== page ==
This next photo is from the highway above the Day Use Area at Lofers Bend.  We were there by boat yesterday.  As you can see, the walk-way to the floating dock is under water and so is part of the day use area park.  The play area and the road leading to it, over to the right are under water.

The Day Use Area is  closed for construction, but we thought this view was especially revealing about the water level.

As my Dad used to say, “Its always something.”  Last year, especially in the late summer and fall, we had limited access due to the falling lake level.  Now this, year it looks like more ramps could be closed due to high water.  While we were on the dam, we did note that they were releasing water.  The river was still in its banks, so they were not releasing huge amounts.   I certainly don’t think they are releasing enough to keep up with the amount of water coming in.  We shall see.

Our back up fishing plan to Whitney has always been Aquilla.  We often go there on holidays and weekends to escape the crowds at Whitney, or we will go there when the winds are up just more than we can take on Whitney.   Since we were down there, we made a quick trip over there to check on the ramps there too.

We can always measure things by the ramp at Dairy Hill.  The water level is just under 544 feet now.  544 is the top of the ramp at Dairy Hill and that is about as high as the water can get before you can’t launch a bass boat from a trailer at the ramp.  At that level, the Old School ramp is under water as is its parking lot.  Here are some photos from the Aquilla dam and the Dairy Hill ramp.


That picture is of the spillway below the dam.  You can see that water is running, but it is a minimal flow.  There were two Corps of Engineers trucks on the pumping station ramp above the dam and two working down by the spillway.  Just speculating, but I think they were working on the gates to the spillway because water wasn’t flowing at the normal rate for when they are releasing water from Aquilla.  But that is just a guess.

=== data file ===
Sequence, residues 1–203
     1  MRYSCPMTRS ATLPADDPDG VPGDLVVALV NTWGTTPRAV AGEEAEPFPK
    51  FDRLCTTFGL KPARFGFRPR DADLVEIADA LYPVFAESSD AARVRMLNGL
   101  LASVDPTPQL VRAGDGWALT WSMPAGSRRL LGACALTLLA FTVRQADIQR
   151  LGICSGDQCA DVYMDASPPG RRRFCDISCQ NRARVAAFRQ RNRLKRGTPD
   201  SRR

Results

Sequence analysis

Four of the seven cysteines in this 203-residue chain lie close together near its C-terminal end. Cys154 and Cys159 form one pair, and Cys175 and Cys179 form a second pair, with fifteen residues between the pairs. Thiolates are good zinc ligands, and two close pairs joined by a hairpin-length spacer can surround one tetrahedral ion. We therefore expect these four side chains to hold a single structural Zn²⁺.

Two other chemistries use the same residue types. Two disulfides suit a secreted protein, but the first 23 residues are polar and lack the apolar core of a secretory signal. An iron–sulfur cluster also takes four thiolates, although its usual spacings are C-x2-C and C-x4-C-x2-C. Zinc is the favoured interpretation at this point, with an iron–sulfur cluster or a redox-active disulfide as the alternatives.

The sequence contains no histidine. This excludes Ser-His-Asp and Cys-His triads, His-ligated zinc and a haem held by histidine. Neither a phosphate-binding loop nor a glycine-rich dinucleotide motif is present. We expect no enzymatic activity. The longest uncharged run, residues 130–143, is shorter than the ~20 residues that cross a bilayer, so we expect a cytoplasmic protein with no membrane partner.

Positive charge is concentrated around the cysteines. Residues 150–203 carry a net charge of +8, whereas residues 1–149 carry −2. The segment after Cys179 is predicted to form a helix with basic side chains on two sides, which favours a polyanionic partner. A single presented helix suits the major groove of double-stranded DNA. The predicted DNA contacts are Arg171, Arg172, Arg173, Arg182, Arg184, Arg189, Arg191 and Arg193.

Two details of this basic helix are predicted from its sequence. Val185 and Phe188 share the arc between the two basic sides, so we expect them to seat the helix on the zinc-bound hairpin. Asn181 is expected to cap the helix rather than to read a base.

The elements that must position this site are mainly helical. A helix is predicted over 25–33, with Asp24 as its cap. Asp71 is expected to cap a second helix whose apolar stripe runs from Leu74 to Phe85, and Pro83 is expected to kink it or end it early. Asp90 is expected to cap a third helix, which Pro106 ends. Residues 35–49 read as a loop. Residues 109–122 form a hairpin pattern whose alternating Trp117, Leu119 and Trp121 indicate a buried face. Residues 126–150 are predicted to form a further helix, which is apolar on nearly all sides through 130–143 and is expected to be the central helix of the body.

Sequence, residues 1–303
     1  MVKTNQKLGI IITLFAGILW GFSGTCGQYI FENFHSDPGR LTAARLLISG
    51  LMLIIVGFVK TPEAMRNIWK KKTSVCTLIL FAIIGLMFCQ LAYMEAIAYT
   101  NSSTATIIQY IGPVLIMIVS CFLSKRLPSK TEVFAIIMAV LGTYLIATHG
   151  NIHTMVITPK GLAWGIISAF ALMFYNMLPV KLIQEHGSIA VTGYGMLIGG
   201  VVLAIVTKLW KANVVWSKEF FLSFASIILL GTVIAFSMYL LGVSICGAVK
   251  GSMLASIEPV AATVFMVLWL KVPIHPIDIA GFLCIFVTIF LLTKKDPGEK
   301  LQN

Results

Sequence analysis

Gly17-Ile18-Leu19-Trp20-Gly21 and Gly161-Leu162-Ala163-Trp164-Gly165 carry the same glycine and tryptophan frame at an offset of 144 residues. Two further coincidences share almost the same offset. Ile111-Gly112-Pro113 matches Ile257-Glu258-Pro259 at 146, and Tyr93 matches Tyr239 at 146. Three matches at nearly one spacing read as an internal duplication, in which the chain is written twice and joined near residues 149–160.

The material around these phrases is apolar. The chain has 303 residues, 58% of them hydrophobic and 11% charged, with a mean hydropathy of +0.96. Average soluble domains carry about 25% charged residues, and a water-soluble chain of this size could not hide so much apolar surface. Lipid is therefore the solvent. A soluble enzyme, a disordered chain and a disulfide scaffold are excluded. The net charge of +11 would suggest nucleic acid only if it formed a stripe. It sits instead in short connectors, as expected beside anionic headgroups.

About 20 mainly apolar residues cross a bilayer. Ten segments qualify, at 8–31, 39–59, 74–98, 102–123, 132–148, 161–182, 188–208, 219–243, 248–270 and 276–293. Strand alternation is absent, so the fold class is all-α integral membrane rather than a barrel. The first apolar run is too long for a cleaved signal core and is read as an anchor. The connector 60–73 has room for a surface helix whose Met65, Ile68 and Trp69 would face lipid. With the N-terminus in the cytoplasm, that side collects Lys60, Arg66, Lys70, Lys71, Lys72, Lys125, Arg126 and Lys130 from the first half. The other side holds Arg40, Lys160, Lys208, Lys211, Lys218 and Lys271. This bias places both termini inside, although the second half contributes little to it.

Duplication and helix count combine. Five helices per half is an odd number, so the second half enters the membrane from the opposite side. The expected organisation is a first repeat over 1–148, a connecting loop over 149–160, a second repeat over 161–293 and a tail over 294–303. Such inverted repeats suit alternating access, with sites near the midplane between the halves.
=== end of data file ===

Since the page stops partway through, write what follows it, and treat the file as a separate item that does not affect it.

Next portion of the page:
We can tell you this, when they open those gates at Aquilla full blast, the bass will turn on.  Anywhere you can find water running over shallow ground coming out of that back water will be hotter than a pistol.  We will be keeping our eye on Aquilla for the next few days.  If only it weren’t so muddy.

On the way down from Cleburne yesterday, we noted that the Nolan still had a lot of water in it and in places was running pretty hard so water is still flowing into Whitney from the run-off of the rains.  We have also heard that Granbury is releasing water into the Brazos.  So it is water-a-plenty for Whitney.  Hopefully it will not get too much higher.  We have fished it at this level and it is OK.  The lake just needs a week to stabilize and let the trash settle.  This level adds lots of new brush and other structure around the banks to fish.  Lots of shallow water to work.  As long as we can get our boats in, we shoud be able to find some fish.

Just bye-the-bye, we did not see any, that is NONE, dead fish yesterday in any of the locations we checked.  So, I don’t really know what the status of the Golden Algae bloom is.  All I can tell you is that the water is high, the water is trashy, the water is a lot colder than a week ago, the water is dark and not as clear as normal, and that the water is running.  We haven’t seen any evidence of a wide spread fish kill where we have been on the lake.  We also have had reports of folks catching fish.  We have not seen anyone on the lake or seen any pictures of fish so we don’t really know for sure how the fishing is.  We can  tell you that our luck has not been good… but we have lots of excuses….  cold fronts, storms, muddy water, golden algae, you name it.  We just haven’t found the fish this past winter and early spring.  I would say the fishing has been as bad for us on Whitney as it was when we first started over 10 years ago.  Its a good thing we have all those pictures  of those good old biggerns we can go back and look at… and that we have that 8 and 9 1/2 pounders hanging on the wall to remind us that we need to get out there and hunt them down.